After Google threat, China defends its censorship

Google’s challenge to Beijing came as foreign businesses have voiced growing frustration at China’s business climate, even as Chinese economic growth outpaces the rest of the world.

 Google, the world’s top search engine, said it may shut its Chinese-language website and offices in China after a cyber-attack originating from China that also targeted other firms and human rights campaigners using its Gmail service. The company, which has struggled to compete with local market leader Baidu, said it would discuss with the Chinese government ways to offer an unfiltered search engine, or pull out.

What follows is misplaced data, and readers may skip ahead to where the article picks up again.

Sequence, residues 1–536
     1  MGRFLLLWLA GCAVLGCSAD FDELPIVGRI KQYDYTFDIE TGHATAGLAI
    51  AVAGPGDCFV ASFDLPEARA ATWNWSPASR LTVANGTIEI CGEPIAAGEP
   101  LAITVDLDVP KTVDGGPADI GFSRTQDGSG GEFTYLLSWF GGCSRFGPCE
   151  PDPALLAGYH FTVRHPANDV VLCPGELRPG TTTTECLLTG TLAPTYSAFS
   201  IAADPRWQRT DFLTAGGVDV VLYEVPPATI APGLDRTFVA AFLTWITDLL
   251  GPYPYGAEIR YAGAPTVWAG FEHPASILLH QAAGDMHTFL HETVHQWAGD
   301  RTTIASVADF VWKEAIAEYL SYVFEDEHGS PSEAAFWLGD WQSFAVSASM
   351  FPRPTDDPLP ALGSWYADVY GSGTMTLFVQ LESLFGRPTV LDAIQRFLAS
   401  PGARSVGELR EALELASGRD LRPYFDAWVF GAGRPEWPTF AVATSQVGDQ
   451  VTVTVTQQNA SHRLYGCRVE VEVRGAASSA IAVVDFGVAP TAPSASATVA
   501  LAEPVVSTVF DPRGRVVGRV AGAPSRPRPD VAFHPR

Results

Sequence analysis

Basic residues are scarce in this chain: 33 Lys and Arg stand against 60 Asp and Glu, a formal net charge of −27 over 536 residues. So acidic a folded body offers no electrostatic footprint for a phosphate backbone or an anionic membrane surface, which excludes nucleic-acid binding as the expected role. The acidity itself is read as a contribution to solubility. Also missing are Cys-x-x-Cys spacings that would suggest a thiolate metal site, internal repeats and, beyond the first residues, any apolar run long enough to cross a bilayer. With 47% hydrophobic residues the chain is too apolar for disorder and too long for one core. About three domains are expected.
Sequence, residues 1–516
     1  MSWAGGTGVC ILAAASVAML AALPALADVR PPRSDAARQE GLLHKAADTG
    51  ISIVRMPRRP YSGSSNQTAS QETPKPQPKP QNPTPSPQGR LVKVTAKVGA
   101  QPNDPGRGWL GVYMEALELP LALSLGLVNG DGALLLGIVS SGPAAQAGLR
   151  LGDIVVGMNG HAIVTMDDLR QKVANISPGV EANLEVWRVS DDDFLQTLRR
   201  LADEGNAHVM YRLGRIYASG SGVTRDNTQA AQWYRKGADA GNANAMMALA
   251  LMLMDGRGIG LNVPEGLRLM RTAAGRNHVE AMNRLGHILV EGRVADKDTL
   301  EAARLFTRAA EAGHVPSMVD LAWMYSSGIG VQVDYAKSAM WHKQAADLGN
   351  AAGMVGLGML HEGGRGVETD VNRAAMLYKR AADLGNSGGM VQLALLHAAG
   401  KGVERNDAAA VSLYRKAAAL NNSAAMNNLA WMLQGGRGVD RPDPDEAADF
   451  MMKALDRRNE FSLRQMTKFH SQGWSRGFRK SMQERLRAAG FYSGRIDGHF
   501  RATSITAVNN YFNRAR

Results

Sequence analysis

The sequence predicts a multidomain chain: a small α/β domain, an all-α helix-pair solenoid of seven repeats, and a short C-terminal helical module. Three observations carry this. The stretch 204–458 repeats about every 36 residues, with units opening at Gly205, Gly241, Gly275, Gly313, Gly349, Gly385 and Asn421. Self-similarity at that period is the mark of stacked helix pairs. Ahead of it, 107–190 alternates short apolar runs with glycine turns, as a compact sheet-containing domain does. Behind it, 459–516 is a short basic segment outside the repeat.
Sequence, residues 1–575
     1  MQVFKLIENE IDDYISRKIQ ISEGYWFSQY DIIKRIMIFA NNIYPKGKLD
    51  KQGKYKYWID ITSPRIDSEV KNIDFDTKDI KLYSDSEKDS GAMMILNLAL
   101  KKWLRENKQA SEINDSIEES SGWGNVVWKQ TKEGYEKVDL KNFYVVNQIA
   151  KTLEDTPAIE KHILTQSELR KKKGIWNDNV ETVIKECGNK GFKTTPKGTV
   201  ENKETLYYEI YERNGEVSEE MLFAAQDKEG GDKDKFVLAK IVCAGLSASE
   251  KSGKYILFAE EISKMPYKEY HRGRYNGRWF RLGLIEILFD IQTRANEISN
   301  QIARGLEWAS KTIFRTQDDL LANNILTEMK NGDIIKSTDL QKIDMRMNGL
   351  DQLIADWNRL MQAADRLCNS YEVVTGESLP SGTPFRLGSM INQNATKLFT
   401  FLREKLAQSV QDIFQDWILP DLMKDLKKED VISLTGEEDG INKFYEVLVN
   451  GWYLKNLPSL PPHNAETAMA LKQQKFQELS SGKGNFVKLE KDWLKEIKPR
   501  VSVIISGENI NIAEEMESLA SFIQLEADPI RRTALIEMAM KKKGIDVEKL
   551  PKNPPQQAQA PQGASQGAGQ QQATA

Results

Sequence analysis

But minister Wang Chen of China’s State Council Information Office said internet companies should help the one-party government steer the fast-changing society, which now has 360 million internet users, more than in any other country.

Wang did not mention Google, but his comments suggested little room for compromise in the feud over internet freedom. “Our country is at a crucial stage of reform and development, and this is a period of marked social conflicts,” Wang said in an interview that appeared on the Information Office’s web site. His comments largely echoed a speech he made in November.

On Thursday, the Information Office also named five Chinese web sites it said had not done enough to stamp out content banned as crude or pornographic. “Step up the clean-up,” it demanded on a statement on its web site.

Later on Thursday, the foreign ministry deflected Google’s allegation that it and dozens of other foreign companies were the targets of sophisticated hacking from within the country.

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